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For some time I have been interested in building a ship model in a bottle and also one in a light bulb.   A new member of our modelling club does these and looking at his work inspired me to give it a shot.

CGS Concretia

 

HMS Erebus in a light bulb

May 13, 2015

Over the past couple of months I have been working on a model of the HMS Erebus from the Franklin Expedition
into the Northwest Passage in 1845.  It will be placed in a light bulb when finished.

Building a model this small is certainly a challenge because of the size of the parts.  It gives me a new respect for
model builders who do this on a regular basis.

The hull and deck fittings are now complete but much work is yet to be done.

This is the light bulb the model will call home.  The "sea" is made of glazing putty and coloured with acrylic paint. 
The areas down each side will have white putty placed on them to simulate ice flows thus giving the look if the ship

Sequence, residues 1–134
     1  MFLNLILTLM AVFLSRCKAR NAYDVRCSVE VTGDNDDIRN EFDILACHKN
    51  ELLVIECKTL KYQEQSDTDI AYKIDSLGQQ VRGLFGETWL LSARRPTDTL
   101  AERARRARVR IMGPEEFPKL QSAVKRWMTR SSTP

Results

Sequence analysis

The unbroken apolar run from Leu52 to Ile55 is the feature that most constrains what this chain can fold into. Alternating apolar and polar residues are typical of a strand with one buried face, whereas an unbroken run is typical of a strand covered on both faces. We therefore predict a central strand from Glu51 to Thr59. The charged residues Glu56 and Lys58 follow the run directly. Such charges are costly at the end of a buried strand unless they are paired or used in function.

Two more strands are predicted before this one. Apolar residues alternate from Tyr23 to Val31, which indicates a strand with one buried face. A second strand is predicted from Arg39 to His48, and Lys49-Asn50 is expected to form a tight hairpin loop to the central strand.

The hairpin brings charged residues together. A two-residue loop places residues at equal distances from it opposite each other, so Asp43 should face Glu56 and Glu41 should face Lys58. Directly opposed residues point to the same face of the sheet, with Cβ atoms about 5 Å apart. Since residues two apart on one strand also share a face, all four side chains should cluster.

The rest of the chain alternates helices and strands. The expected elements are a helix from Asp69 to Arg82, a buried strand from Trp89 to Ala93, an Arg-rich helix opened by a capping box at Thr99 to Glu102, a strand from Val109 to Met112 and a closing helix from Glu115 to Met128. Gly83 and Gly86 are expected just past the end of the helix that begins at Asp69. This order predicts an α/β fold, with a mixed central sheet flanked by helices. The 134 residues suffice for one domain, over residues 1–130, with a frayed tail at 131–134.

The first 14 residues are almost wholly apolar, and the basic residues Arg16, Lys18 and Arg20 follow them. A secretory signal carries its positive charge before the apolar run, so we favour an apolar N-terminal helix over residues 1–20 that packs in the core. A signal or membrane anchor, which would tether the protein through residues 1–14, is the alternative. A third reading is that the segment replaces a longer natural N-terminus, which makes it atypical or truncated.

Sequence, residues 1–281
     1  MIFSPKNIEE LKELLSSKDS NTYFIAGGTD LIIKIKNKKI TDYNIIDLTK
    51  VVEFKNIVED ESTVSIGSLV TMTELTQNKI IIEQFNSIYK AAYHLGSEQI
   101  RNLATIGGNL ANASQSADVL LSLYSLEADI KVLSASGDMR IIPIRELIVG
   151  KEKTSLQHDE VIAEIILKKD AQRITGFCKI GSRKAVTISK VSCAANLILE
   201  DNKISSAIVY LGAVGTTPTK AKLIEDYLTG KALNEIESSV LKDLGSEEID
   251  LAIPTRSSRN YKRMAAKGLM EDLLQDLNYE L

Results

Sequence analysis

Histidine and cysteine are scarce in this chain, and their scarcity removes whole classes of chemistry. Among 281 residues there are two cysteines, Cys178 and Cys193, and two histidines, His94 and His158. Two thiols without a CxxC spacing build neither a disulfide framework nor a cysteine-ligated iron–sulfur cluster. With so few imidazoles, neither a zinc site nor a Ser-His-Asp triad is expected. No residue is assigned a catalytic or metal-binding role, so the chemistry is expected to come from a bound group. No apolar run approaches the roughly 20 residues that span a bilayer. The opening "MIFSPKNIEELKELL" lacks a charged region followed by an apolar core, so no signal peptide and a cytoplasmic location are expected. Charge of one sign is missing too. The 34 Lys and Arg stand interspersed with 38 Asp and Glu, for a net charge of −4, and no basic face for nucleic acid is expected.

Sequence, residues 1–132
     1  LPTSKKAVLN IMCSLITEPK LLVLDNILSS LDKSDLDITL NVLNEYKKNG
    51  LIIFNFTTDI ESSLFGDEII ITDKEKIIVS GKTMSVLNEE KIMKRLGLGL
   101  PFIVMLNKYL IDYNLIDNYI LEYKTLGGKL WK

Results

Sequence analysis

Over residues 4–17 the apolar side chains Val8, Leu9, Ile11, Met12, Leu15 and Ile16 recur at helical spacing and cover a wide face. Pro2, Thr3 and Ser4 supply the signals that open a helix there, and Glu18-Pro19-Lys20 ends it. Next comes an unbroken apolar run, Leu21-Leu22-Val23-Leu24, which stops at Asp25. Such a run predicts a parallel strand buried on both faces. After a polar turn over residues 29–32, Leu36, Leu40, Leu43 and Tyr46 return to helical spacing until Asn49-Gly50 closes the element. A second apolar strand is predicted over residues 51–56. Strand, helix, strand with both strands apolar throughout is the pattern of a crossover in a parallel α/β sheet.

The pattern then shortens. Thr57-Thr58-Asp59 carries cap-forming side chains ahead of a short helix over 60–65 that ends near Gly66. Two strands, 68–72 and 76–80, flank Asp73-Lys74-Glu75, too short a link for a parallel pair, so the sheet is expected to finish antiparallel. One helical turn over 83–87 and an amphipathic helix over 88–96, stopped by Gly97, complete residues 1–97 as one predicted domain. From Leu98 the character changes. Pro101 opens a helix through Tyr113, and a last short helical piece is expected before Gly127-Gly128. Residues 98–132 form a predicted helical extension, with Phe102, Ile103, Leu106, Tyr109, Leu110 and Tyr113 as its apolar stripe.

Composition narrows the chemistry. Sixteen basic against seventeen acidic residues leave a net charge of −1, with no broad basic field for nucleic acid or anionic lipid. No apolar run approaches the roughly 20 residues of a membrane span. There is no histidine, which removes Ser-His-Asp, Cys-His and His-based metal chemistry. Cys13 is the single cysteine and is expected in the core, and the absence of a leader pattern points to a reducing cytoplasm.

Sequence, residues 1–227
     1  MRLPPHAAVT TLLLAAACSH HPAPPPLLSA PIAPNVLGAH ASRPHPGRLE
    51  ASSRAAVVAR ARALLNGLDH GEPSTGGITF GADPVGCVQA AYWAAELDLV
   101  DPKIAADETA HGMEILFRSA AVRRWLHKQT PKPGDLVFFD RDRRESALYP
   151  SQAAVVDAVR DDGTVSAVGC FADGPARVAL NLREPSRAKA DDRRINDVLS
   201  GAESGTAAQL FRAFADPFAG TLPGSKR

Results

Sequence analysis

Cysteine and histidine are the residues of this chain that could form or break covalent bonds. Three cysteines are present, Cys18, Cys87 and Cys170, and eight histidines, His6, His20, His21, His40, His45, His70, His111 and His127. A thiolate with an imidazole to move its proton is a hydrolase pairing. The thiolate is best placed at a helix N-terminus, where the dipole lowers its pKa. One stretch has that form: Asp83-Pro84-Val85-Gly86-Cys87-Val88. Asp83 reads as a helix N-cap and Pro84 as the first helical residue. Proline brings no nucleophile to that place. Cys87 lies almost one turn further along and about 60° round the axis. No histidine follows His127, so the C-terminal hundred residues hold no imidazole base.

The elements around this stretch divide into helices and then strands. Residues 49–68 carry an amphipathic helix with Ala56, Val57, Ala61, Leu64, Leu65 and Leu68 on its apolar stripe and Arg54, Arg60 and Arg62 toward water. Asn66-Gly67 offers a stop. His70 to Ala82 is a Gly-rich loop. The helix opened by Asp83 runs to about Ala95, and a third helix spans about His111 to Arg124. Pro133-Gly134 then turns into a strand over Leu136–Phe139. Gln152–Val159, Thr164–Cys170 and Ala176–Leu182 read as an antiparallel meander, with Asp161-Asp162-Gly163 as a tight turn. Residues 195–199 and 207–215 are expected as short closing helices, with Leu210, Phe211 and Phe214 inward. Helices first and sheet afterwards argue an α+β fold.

surrounded by ice.

Here we see the hull and fittings complete to this point..  Across the top of the image are the tree sections of each
of the tree masts along with the tops, crosstrees/trestle trees and mast caps that will join the mast sections together. 
Off of the bow is the bow sprit.  Behind the hull are two chicken coops and, in the center, the head.  Below the hull,
from left to right, are deck fittings:  Windless, galley vent pipe, grating, grating, hatch, bilge pumps, companionway, 
skylight, capstan, skylight, wheel, tiller.

The 6" ruler across the bottom give a scale.

 

July 9, 2019

The model, including the rigging, is now complete.  The next step is to get it into the light buld.  I am sure this will
happen without any problems!!!

View of the completed model.  The masts are designed so they can lay down towards the stern to allow them to fit
through the neck of the bulb.  The yards are also designed so they can rotate and fit into the bulb's neck.
 

All of the rigging lines extend well out from the bow so that they come out of the neck of the bulb and will then be
used to stand the masts erect and align the yards.  This will  happen after the hull is glued into the sea in the bulb.

Once the masts and yards are in their proper position and aligned they will be glued in place and the excess cut off. 
This will be done through the neck of the bulb using a variety of long tools.